Detroit — If first impressions are misleading, that's not entirely unintentional. At first glance, the new LS 400 looks like the newest addition to the Mercedes-Benz family. Indeed, the new luxury sedan is designed with European luxury car buyers clearly in mind. But despite what one critic calls its ``Teutonic'' heritage, the LS 400 is the product of Toyota, the Japanese automaker.
More specifically, it's the first of two new cars that will be sold in the United States by Toyota's new Lexus dealer network. With products priced in the $20,000-to-$40,000 price range, Lexus will take Toyota - and the Japanese as a whole - into entirely new territory.
(Toyota isn't the first Japanese carmaker to make a move on the lucrative US luxury car market. Honda unveiled a second dealer network, the Acura division, nearly three years ago, and late next year Nissan will introduce its own luxury division, Infiniti.)
While the decision to enter the luxury market was ``a natural,'' says J.C. (Jim) Perkins, head of Toyota Motor Sales of America, the automaker created Lexus because ``we felt we could not market [luxury] products in a Toyota dealership without a high risk of people thinking it was just another Toyota and asking why they should spend $35,000 on it.''
The base model of the new franchise will be the $25,000, V-6-powered ES 250, a so-called ``executive sedan,'' based on the existing Camry but outfitted with leather seats and other luxury features.
But the division's flagship will be the LS 400, the first Toyota ever designed specifically for the US market. ``It was obvious you couldn't enter [the high end of] the US luxury market with a vehicle based on an existing platform,'' Mr. Perkins says.
Some observers had expected the LS 400 to resort to relatively radical styling to set it apart from the competition. But while it does boast the best aerodynamics of any production sedan in the world - a drag coefficient of 0.29 - Toyota officials didn't want to go too far afield from the styling and comfort cues traditionally associated with European luxury cars.
In particular, the influence of the larger Mercedes S-class sedans is obvious in the car's exterior styling, while the interior is reminiscent of the BMW line.
``They have tremendous respect from the affluent American people, especially the baby-boomers. So that was a key point for us to understand when we were designing our car,'' says Kunihiro Uchida, general manager of Toyota's design department, and the designer of the LS 400.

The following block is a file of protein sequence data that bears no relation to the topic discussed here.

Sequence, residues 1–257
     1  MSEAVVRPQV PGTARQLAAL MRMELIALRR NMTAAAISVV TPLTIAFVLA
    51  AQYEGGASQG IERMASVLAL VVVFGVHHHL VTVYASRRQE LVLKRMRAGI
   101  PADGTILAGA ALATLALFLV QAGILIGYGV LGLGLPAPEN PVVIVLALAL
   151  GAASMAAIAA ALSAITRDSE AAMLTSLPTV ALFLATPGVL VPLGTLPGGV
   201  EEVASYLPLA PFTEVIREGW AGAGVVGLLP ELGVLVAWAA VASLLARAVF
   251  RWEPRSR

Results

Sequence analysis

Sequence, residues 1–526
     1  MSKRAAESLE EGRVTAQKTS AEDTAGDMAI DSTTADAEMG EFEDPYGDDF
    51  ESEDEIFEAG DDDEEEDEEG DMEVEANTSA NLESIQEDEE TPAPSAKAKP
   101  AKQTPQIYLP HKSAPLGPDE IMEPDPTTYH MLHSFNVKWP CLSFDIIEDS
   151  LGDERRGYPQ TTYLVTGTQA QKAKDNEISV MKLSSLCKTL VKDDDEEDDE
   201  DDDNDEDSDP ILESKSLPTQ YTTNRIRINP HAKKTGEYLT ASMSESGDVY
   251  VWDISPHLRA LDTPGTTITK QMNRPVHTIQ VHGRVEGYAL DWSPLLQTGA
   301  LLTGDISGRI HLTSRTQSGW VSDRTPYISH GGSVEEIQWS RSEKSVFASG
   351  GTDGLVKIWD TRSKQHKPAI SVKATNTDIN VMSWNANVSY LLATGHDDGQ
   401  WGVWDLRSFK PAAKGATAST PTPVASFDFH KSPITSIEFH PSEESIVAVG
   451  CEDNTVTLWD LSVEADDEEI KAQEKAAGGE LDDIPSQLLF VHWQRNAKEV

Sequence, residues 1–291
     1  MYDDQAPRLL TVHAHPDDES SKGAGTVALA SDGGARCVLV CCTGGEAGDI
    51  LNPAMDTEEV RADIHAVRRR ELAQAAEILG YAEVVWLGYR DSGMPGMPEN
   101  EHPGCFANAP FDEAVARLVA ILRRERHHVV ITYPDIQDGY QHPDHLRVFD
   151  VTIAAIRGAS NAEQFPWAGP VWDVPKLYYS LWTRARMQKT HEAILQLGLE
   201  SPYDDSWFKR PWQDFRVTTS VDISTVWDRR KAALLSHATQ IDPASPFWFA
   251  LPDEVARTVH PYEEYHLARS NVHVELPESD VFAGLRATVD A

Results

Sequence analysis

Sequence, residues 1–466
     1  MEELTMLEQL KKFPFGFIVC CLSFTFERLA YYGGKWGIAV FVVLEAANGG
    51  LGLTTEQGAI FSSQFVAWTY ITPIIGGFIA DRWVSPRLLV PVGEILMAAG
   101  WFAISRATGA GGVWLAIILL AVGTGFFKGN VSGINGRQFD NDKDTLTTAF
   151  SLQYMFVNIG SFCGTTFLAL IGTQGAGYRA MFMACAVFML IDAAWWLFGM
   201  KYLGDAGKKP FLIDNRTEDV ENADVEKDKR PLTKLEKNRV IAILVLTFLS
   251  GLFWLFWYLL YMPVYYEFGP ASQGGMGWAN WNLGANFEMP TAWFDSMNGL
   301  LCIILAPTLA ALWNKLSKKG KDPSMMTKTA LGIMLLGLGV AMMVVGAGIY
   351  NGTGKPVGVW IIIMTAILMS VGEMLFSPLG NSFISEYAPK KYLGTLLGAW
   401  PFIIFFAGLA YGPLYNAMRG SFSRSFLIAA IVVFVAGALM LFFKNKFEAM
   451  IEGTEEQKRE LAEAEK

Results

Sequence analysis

Like its European competitors, the LS 400 will be powered by a new, multi-valve V-8 capable of reaching 150 miles an hour. It will also feature a rich, well-appointed leather interior.
But the LS 400 will try to beat its competition with a heavy emphasis on high-tech. The driver will be able to shift the electronically controlled automatic transmission into either a performance or economy mode.
The LS 400 will be the first car in the US equipped with Traction Control. Similar in function to antiskid brakes, which the LS 400 also features, the device helps maintain stability and maximum traction during heavy acceleration or when driving on slick surfaces.
The optional cellular phone will be linked to the car stereo system for hands-free operation, and can be dialed by pressing a button on the steering wheel.
Perkins expects 25 percent of Lexus buyers to trade in their Japanese vehicles. The rest, he hopes, will trade in European or US luxury vehicles.
But Chris Cedergren, an auto analyst with J.D. Power & Associates, is skeptical: ``The Japanese are not going to get traditional European car buyers,'' he says. There is a unique ``European feel that is hard to describe and which no one has yet been able to duplicate,'' he adds.
To that end, Toyota designers and engineers spent three years tearing apart competitors' vehicles, trying to quantify everything from the texture of the leather and the feel of the switches used in European luxury cars. Mr. Uchida spent months talking to American luxury car buyers about what and why they buy.
The biggest draw of the LS 400, however, may be its price. Rising prices have cut sharply into European luxury car sales. At $35,000, the LS 400 will be priced well below many competitive vehicles, and that may be just the statistic that attracts many potential buyers.